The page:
Flyf15 pointed out some of the reasons, I'll elaborate on more.
The biggest is cost. Certification of aircraft and systems that go in them is astronomical- air conditioning is a $20,000 option on new skyhawks. That is not a misprint, 20 grand. Why? Because Cessna had to prove that it wouldn't adversly effect performance in any failure mode; it couldn't get stuck on, in any way. And there is a very small market to recoup this investment on.
GPS is getting very common in GA aircraft; most new airplanes come with it standard, and its getting harder and harder to find a privatly owned plane without any kind of GPS in it.
Some of your other ideas though, just don't make sense in all airplanes. Example- spoilers. SOME Mooney's have them because they need them. They are very clean designs that are very notorious to slow down for descent, and they have a low gear operating speed. Most GA singles just don't need that kind of extra drag on top of flaps and gear to slow down.
Another reason is safety. I know I wouldn't fly a GA airplane that had some kind of automatic lift dumping system installed that was activated by a microswitch on the gear; too many bad things can happen when it activates at the wrong time. And I can garuntee you that that kind of retrofit would not be cheap, retrofit on a Mooney is close to six grand.
And then, why would it be needed in the first place? In most light aircraft, speed brakes are used to slow the plane down and descend without having to pull the power back much. They aren't used like on airliners to dump lift. And bounces are trained-away for the most part. No need for expensive solutions to problems that aren't there; I don't think I've ever heard of a fatal bounce, and I've seen/had some bad ones.
Piston engines are going to be around for a long time for light aircraft though. Turboprops just aren't affordable yet in the 90-300hp range yet. There are conversions, but mainly for planes that are designed for traveling long distance. The turbine engine shines when it can get up to the thin air where it can take advantage over its greater power to size ratio to make up for its attrocious fuel burn. I don't think you'll ever find a turbine powered 172.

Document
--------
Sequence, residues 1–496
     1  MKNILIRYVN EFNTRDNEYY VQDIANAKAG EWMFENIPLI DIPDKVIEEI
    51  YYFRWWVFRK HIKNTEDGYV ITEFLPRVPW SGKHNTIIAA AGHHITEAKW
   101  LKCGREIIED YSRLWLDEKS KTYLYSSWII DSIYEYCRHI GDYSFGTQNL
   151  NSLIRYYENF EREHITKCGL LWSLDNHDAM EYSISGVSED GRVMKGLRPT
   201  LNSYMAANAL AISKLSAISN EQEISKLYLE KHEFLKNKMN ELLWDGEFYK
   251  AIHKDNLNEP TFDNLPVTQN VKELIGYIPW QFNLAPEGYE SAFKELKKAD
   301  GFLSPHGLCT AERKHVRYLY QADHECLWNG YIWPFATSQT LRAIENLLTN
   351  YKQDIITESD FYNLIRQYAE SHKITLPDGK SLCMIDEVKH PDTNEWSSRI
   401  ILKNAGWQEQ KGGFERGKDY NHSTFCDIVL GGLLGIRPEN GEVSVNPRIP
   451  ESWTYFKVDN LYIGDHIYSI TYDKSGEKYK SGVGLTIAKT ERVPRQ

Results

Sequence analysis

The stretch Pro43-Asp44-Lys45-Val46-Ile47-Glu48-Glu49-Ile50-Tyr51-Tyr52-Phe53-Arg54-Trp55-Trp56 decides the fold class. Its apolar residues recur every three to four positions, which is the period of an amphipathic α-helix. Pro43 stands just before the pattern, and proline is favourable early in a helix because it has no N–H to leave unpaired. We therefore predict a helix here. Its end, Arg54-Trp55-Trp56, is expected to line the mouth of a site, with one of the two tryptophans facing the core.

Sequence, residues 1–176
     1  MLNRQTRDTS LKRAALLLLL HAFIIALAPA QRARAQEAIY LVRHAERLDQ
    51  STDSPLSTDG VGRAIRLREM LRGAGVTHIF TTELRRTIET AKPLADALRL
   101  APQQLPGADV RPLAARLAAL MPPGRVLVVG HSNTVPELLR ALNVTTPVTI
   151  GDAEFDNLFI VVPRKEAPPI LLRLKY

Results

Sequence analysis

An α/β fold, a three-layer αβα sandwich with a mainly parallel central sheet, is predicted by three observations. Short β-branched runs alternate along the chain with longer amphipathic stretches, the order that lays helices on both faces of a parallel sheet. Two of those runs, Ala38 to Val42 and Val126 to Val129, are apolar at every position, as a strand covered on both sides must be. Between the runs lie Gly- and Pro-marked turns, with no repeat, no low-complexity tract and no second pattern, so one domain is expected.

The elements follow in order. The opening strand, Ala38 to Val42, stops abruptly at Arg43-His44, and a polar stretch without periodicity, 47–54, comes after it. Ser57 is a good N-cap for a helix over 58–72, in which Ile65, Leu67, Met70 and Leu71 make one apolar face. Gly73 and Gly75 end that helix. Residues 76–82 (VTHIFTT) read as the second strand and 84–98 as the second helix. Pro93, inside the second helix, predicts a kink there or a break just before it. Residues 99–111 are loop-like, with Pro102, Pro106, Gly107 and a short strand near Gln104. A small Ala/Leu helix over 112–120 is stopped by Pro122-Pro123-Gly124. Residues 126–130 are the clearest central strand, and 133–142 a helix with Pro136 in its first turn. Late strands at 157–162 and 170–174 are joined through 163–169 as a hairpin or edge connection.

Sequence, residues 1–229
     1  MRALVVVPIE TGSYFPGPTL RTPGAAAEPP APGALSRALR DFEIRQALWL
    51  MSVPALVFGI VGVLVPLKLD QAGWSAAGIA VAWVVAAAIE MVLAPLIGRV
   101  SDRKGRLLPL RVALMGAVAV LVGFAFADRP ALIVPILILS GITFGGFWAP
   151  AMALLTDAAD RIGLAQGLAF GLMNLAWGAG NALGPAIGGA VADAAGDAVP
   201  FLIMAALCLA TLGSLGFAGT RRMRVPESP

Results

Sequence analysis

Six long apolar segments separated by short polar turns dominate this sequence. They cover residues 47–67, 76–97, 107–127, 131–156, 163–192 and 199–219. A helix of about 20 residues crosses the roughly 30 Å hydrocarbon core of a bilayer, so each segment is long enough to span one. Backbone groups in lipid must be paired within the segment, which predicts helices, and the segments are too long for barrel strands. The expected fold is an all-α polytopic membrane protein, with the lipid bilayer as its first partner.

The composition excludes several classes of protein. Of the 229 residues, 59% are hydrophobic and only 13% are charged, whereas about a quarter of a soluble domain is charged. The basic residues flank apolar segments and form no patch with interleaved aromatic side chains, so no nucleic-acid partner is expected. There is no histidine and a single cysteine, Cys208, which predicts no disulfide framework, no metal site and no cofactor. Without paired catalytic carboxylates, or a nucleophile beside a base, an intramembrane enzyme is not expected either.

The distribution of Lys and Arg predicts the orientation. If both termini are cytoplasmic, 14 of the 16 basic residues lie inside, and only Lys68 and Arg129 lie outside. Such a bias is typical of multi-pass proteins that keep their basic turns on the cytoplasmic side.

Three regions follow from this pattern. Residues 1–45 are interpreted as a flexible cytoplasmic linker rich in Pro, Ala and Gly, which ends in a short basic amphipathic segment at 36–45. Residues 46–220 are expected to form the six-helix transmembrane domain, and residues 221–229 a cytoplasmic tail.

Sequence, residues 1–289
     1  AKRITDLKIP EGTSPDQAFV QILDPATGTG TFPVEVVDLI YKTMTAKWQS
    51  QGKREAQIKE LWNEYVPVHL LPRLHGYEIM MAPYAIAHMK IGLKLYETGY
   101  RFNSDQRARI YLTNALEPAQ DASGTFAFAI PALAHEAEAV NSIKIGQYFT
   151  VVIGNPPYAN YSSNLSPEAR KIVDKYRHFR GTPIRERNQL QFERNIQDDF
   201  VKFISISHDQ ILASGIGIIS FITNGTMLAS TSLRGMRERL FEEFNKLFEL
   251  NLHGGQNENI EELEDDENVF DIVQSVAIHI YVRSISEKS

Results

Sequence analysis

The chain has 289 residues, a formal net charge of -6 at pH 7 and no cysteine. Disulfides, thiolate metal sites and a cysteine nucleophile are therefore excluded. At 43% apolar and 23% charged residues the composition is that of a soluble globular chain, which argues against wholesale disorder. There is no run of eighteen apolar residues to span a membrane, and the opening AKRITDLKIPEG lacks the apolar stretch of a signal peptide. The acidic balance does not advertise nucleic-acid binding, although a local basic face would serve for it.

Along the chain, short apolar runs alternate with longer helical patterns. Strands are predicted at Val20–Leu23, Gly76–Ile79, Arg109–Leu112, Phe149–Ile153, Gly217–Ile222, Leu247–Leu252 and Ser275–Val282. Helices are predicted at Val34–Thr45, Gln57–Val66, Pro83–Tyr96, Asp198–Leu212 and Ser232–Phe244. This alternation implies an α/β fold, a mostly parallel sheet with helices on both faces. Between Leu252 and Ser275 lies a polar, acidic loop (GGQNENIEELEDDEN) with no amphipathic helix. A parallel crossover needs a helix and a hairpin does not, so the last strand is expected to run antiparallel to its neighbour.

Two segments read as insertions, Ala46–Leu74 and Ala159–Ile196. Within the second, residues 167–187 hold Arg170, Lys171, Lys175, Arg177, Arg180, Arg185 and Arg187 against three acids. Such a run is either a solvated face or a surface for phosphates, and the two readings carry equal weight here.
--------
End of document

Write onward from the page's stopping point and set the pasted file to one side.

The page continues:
Safety has made large leaps forward in the past, but most improvements will continue to come in the form of pilot training. Perfect example is the new Cirrus airplanes; they have the "foolproof" airplane saving parachutes installed, they've been involved in 5 accidents since they've been introduced, only one has used the parachute successfully.
The problem you run into with trying to make a light GA plane "pilot-proof" is that many people who purchess and operate them do that because they WANT to be pilots. We like knowing that the sucessful outcome of the flight depends more on our skill and training than the fancy gadgets designed to make the airplane foolproof.
And you want bad panel layout? I've flown a modified J-3 Cub with bush tanks; long range tanks installed in the wings (the orginal tank was located between the firewall and the insturment panel, sitting in the front seater's lap.) To reach the selector valve from the back seat involved unfastening my harness and half stand/lean over the front seat. The solution is to not run a tank dry at 200', and to be aware of this limitation of the aircraft.
Light aircraft technology will continue to be in terms of evolution, not revolution for a number of years to come.
Happy contrails - I support B747Skipper and Jetguy